Since their debut album Sink or Swim back in 2007, The Gaslight Anthem have grown stronger and stronger with each release. Out of their solid back catalogue, none of their releases have been as watched out for as Handwritten, given frontman Brian Fallon’s admission that following their previous release, American Slang, he was worried that TSA had run its course; however, as you listen to Handwritten, it’s obvious the band is back and in better shape than they’ve ever been.
Opening track 45 was the first single off the release and kicks off the album with a bang and one of the most infectious chorus’s ever. The ode to good times and heartbreak is not only a stand-out song on the album but probably the best TGA song yet. The minimal instrumental side of Mullholland Drive gives Fallon’s bluesy, sexy-as-fuck voice centre stage, though his sound simply shines through in Too Much Blood as he grunts his way through the verse.
The fact that the guitars, drum and bass never overshadow the vocals draws agency to the story of the album. Though the riffs are big, and the melodies are a mix of both the simply genius to meticulously technical, it’s the words, and their deeply personal nature that will get you. It’s songs such as Desire, with lines such as ‘What makes a woman believe in a man such as me/unworthy to sit at your good or your crown/I can only let you down…’ that make you think that maybe there’s more to this album than meets the, well, ears.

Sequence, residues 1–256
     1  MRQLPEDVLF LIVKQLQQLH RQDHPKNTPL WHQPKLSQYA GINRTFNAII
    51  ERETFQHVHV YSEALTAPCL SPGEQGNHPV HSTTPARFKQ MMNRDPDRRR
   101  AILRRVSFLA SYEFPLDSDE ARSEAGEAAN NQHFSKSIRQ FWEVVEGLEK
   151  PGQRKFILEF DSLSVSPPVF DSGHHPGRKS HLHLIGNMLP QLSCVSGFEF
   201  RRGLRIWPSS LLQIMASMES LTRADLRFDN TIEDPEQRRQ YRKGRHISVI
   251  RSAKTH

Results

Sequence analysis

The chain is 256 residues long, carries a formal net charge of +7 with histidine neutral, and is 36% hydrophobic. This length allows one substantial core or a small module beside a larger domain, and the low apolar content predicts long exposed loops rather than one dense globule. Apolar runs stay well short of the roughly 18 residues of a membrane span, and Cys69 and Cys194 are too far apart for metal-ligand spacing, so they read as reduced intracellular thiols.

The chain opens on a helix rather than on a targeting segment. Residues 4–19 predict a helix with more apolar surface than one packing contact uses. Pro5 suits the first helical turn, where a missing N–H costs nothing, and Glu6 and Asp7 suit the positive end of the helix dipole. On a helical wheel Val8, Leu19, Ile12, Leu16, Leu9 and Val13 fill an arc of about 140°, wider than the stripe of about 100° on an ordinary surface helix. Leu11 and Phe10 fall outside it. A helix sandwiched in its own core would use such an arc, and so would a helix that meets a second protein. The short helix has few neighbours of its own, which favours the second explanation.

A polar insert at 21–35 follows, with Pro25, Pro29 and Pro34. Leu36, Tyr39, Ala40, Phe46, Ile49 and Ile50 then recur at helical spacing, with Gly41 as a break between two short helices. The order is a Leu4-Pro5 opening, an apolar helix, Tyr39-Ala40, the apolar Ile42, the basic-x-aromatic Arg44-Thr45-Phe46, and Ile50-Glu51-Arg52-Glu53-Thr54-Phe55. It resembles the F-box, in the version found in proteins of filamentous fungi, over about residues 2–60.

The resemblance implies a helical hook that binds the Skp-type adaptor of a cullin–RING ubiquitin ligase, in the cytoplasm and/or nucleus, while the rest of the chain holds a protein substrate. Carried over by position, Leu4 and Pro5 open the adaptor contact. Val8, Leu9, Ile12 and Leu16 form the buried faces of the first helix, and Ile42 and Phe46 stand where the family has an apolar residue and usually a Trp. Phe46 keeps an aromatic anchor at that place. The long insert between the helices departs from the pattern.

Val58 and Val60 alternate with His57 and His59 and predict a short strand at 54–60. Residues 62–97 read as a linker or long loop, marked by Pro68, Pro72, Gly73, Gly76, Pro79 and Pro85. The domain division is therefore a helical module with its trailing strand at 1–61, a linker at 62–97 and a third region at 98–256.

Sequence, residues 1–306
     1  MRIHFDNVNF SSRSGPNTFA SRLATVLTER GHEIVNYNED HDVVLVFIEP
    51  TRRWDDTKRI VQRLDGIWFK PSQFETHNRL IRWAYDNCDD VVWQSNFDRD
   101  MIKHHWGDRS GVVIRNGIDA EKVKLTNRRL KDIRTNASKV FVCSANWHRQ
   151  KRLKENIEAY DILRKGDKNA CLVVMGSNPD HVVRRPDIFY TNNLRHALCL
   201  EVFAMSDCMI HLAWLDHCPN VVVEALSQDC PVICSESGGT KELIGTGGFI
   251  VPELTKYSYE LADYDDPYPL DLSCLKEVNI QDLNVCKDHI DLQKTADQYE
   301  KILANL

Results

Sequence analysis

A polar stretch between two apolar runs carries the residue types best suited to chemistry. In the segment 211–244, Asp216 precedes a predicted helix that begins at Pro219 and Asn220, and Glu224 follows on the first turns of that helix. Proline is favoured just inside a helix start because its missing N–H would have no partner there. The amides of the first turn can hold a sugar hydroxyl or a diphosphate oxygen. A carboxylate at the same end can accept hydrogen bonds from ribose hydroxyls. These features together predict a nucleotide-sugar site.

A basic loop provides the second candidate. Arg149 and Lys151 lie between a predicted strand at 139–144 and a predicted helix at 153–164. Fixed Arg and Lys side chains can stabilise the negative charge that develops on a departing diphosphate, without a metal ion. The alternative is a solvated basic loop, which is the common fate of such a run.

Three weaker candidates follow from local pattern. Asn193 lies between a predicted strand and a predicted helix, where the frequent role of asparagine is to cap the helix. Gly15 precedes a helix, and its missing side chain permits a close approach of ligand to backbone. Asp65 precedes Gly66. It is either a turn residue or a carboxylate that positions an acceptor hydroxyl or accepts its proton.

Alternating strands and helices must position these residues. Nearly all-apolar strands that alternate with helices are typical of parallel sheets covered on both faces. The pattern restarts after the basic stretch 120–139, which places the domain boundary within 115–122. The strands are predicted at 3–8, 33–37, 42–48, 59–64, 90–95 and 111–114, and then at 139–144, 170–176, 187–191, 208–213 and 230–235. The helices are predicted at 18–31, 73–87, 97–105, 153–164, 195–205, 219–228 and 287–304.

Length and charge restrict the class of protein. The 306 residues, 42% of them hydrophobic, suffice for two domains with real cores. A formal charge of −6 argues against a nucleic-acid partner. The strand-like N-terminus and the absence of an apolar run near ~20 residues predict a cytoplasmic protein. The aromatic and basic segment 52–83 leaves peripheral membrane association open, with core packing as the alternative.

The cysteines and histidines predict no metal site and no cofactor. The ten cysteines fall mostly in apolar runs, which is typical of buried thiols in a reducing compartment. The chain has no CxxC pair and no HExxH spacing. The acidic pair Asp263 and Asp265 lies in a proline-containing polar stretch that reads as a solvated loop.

The album finishes off with an acoustic ballad National Anthem. The subtle orchestral backing adds so much depth to the tune. The references to yesteryear and past lovers are done in a way that they are totally indirect and everyone will be able to relate to the ideas Fallon is singing about.
The album fades to black rather than burns out, but won’t by any means leave you feeling underwhelmed. It will leave you pondering a lot about your own past experiences and thinking ‘I should write a song about what I’ve been through!’ (But don’t, god, please, don’t). Handwritten is one of those blue moon albums that’s vindictive enough for you to let your guard down, but with enough mongrel in it to bite you with the snarling fangs you won’t even see coming. And it’s not going to simply let go.
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